And we learn from Kenny! He dies on every episode of South Park. Almost. The running gag of Kenny’s deaths in earlier seasons was incorporated into the season 9 episode “Best Friends Forever” when Kenny, in a vegetative state, is kept alive by a feeding tube while a media circus erupted over whether the tube should be removed and allow Kenny to die. The episode received much attention as it served to provide commentary on the Terri Schiavo case, originally airing just one day before Schiavo died. The episode earned South Park its first Emmy Award for Outstanding Animated Program.
We learn about death when celebrities like Michael Jackson or Whitney Houston die. There is often an intense international outpouring of grief, and the production of commemorative CDs, but these deaths quickly fade and we return to forgetfulness about this enormous reality.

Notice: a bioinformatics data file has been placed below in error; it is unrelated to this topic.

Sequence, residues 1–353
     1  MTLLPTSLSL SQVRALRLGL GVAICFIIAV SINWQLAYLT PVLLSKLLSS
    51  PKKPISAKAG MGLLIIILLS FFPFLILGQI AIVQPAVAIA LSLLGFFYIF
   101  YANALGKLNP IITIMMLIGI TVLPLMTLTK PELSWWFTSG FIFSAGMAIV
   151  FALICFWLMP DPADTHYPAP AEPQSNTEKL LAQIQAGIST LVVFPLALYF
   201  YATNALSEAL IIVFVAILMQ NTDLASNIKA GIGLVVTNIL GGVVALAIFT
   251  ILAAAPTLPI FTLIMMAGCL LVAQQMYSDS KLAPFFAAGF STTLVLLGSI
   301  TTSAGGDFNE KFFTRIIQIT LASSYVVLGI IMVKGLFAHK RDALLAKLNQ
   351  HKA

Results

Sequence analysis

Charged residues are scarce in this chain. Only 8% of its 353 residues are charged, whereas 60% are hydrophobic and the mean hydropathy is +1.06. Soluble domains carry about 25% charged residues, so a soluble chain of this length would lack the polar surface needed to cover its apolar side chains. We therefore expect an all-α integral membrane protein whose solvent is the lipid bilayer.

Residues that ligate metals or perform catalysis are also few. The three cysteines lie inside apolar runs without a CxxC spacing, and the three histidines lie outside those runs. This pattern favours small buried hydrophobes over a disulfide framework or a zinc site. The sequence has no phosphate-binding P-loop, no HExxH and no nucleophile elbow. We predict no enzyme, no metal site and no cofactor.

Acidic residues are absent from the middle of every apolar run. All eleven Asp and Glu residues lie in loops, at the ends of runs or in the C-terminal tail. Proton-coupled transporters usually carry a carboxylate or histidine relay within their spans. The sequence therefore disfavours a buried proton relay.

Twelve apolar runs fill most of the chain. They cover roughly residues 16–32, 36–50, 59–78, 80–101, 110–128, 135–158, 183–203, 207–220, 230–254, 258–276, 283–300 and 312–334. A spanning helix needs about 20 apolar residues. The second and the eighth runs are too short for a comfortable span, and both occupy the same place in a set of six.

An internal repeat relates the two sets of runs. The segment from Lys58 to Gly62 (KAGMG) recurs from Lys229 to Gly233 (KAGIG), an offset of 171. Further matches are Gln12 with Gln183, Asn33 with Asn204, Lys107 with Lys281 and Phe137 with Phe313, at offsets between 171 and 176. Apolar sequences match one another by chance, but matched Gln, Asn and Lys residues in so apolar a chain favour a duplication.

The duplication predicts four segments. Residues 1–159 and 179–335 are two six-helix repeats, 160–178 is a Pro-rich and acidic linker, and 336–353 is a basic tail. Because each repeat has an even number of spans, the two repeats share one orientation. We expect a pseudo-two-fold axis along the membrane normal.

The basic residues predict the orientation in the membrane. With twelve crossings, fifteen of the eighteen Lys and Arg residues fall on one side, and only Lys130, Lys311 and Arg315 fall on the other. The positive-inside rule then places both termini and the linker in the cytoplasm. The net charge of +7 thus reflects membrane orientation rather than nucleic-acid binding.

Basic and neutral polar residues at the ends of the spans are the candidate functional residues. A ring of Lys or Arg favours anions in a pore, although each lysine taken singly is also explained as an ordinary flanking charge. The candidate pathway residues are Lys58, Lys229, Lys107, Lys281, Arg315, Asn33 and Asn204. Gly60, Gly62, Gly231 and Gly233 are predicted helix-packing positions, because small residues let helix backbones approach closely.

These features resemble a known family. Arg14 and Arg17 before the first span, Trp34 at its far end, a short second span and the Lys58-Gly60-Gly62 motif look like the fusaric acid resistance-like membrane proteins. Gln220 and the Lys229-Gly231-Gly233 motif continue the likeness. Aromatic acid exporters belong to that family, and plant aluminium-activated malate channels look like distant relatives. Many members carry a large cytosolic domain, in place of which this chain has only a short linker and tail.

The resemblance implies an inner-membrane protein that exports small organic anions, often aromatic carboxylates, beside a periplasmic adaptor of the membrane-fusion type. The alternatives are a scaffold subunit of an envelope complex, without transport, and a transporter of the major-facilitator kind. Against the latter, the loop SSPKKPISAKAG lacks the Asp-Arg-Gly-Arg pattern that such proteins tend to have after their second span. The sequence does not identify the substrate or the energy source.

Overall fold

But when we, or our loved ones, become ill, we are no longer interested in the theoretical issue of suffering and evil; rather, we are torn apart by what is happening to real people, to those we know and love.
It may be true that we no longer trust in God to heal our loved ones, but the interesting question is why we put so much trust in medicine. This seems particularly puzzling when we realize that most people know even less about medicine than they once did about God. All that is required to make our world right is the increasing development of our intelligence and knowledge. In the name of that development we are now ready to offer up our loved ones to the priests of this new hope, believing as we do that finally a “cure” will be found.